Christmas-que, Part 2
I sit on a mall bench (if there is any to avail) along side with a few shoppers, exhausted and burning the candles at both ends. A quick break (or not) and they’re off, into the rapid movement, jumping like a salmon going upstream, succeeding towards their goal. I’ll just sip my eggnog (from Starbucks) and smile for a bit.
I do not even have too much time to get into a Gump mode, and talk about how life is like a box of chocolates, or find out how comfortable their shoes are. I know that the shopper doesn’t have a whole lot of time for me to examine their footwear; where they’re going, or where they’ve been. But I’m sure they do wish they had some magic shoes this fine December Holiday season.
The continuous droves and the masses, the winterized bundled families that swirl into the muddle mixture of frantic shoppers attempt to make plans on where they will meet. Dad’s eyeing up electronics; mom’s seeing a sale; daughter’s texting an OMG, while son’s got high expectations for a “... Red Ryder carbine action two-hundred shot range model air rifle.” A plan is made and a plan is settled: dad’s got the winterized belonging duty while the family unit disperses in all different direction.
Santa’s workshop and a displayal of his North Pole home are centered in the centre of a mall, where all magic begins. Painted up is a frosted North Pole sign to the side of an enormous comfortable chair, lined of red velvet (Looks comfortable, from where I can observe, from the comforts of my bench). A sign in the front reads if Santa’s taking on wishes, or is on break; parents stand in line with their children. Eventually Santa does takes on candy-glazed-eyed children, all hoping to be on Santa’s good list, while parents sneak off to make those dreams happen. I don’t think I could take on a Santa position; my eyes would read to sympathize, or I would tell them the truth: you’ll shoot your eye out, kid.
Greens of wreath stretch across the hall, connecting one merchant to another. Like a spindled spiderweb that catches the morning dew in its webbing, lights sparkle within the green. Surely, a shopper does take time to marvel; maybe another day. Displays of red and green, and sometimes gold, ornaments hang about around the mall ceiling, walls and sometime the floor.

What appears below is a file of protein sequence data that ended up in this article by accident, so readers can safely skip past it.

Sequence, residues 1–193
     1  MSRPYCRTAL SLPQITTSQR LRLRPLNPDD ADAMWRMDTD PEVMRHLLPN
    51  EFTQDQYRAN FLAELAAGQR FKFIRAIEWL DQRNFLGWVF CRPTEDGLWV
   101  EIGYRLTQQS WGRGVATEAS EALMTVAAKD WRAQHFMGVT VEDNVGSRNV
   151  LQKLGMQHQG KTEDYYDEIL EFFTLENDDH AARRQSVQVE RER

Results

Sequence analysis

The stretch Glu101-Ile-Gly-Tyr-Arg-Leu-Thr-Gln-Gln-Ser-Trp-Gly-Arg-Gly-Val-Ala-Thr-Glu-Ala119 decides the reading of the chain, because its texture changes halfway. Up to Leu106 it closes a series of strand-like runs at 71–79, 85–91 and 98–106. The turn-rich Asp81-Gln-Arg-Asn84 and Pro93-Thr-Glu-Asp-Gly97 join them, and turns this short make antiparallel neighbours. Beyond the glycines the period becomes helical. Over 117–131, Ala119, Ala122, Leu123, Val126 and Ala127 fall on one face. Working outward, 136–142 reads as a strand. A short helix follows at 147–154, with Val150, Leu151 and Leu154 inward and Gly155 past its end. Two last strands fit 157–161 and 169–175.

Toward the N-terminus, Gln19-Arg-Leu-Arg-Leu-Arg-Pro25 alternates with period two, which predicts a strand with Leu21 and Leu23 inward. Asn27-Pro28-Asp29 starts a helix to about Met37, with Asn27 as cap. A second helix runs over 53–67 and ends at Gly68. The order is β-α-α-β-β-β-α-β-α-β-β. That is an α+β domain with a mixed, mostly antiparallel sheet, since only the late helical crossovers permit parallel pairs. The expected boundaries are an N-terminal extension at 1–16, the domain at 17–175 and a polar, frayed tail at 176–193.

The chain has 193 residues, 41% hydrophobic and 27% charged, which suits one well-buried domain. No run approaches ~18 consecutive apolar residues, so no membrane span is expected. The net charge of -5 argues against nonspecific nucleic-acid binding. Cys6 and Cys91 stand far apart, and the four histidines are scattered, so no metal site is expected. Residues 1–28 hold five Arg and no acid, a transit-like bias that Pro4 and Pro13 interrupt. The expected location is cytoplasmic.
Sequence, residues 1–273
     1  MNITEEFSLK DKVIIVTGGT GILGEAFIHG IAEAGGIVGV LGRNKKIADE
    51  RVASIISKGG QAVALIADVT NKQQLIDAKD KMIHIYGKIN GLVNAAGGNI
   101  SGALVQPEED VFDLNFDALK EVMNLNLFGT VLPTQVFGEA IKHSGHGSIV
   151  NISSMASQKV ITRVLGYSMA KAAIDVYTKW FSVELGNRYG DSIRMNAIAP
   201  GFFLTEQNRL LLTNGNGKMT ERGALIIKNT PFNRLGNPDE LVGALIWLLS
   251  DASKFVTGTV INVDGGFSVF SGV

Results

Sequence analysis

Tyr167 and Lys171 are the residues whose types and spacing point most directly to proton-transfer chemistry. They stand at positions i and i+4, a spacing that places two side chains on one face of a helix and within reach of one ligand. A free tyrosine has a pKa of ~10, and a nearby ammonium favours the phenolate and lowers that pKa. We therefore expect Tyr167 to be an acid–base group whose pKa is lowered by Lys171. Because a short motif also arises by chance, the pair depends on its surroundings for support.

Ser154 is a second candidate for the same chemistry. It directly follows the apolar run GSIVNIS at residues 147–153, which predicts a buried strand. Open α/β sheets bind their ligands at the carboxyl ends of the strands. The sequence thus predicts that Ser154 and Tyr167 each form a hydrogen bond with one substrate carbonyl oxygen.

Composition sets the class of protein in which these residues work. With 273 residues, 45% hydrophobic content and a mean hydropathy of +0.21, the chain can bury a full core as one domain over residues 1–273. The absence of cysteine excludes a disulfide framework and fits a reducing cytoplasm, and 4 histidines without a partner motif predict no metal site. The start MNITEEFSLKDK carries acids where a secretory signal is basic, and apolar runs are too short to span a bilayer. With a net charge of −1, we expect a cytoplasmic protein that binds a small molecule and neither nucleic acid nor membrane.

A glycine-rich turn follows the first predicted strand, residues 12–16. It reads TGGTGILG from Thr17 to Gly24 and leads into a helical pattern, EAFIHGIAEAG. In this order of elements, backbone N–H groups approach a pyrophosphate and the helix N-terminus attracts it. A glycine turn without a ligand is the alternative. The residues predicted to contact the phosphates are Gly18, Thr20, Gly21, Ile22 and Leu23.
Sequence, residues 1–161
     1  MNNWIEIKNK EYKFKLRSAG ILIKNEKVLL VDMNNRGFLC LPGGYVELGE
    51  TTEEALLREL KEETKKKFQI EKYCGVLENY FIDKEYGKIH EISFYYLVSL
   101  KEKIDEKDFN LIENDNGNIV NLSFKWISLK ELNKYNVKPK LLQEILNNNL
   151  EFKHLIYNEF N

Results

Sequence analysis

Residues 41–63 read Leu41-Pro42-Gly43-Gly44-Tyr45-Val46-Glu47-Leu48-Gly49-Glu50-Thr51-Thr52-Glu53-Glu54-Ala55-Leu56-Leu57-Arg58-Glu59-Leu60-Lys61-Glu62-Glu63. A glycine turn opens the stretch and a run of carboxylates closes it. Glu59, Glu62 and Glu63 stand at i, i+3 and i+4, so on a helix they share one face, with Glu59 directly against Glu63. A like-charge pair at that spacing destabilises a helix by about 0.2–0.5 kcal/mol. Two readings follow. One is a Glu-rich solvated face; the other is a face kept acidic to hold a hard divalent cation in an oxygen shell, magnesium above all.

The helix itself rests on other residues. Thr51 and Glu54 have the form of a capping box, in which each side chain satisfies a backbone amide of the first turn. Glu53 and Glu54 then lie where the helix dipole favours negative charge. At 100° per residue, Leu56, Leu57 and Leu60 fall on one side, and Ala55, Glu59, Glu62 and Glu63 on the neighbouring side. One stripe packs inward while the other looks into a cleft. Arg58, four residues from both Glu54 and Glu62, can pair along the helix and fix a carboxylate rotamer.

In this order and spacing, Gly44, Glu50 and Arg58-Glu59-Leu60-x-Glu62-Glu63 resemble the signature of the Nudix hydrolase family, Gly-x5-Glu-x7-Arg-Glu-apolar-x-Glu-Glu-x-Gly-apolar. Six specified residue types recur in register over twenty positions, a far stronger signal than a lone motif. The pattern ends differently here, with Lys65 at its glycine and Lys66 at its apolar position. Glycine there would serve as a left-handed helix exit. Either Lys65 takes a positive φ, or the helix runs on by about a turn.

Gigantic glass (or plastic) coloured balls that would take down a Charlie Brown tree, hang way up, and securely.
The mall clock chimes out a certain carol from a distance, where I can still hear it hourly and quarterly. However, if I counted correctly, that last chime rung its inevitable timely demise: quarter to the last hour! Panic does begin to dimmer down a little more, and I find the rapid movement of the mallers has begun to slow down to steady and calmer pace. It’s that time to throw in the towel, as shoppers make their slowly way out. Hopefully, now the Carpenters will lull some children to sleep about being home for Christmas tonight.
Gates from the secret wall of a familiar store draws closer to a close, as the last customer makes an indecisive decision on what item to purchase. Tired and often overworked, staff have their own families to get back to, as they smile their wishful goodbyes to an indecisive customer. Just pick the red one; they can return the gift if they don’t like your choice, I think to myself as if I can read the staff gatekeeper’s thought.
A lowly janitor sighs at the salted floors as the crowds begin to move from an entourage to a slower last handful. Broom in hand, he leans against the wall, waiting for more patrons to vacate. I am sure his work overwhelmingly (underpaid) vital to this holiday time. Perhaps a little plastic ball should be made for him and his work as well.
The King is left to serenade to me about a Blue Christmas; his hunka-hunka voices echoes throughout the mall walls, following his back-up ooh-ooh-ooh female voices. Santa’s sign reads that he’s already left the building, leaving a vacant red velvet seat.
I sip the last of my eggnog special, and ho-ho-ho into the city festive lights, ever watchful for a reindeer sleigh not to run me over.
Be safe this Holiday Season, my relatives.
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